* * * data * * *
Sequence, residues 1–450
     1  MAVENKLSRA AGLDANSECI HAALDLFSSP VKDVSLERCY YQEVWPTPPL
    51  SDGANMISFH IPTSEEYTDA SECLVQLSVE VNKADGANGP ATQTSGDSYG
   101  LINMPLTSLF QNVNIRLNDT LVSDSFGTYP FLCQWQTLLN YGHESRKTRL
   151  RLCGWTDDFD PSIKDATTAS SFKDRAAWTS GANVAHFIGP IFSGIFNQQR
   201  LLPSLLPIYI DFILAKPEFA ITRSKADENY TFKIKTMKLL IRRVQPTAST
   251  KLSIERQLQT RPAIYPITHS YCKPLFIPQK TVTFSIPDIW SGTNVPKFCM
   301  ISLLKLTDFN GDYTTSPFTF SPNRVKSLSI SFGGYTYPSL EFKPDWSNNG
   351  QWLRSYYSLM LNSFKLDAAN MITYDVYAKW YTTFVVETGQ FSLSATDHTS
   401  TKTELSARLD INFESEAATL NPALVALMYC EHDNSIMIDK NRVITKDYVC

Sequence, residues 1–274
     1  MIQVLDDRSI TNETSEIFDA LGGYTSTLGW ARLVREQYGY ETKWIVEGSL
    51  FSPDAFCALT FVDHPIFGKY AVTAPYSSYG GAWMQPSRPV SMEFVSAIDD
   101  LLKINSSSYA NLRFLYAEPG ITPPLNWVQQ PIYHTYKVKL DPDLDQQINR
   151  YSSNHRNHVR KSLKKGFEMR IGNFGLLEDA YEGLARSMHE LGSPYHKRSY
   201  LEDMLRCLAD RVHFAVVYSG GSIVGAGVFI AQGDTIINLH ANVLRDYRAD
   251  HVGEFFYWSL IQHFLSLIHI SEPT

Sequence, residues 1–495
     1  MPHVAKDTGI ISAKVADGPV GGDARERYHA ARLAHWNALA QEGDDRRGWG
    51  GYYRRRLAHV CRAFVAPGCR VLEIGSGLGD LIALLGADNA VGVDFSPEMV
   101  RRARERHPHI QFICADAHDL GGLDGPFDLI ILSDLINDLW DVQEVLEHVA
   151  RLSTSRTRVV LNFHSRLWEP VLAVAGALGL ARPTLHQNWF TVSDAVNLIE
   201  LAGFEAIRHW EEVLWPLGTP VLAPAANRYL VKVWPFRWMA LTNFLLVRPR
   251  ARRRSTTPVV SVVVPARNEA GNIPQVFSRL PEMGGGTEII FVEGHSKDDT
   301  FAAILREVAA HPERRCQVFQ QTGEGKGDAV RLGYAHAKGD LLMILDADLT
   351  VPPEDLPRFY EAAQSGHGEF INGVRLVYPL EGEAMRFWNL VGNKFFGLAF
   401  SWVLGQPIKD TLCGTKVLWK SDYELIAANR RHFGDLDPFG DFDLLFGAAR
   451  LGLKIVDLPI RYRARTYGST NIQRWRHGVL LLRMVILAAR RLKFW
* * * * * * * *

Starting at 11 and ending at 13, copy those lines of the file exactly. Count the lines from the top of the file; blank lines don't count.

Sequence, residues 1–274
     1  MIQVLDDRSI TNETSEIFDA LGGYTSTLGW ARLVREQYGY ETKWIVEGSL
    51  FSPDAFCALT FVDHPIFGKY AVTAPYSSYG GAWMQPSRPV SMEFVSAIDD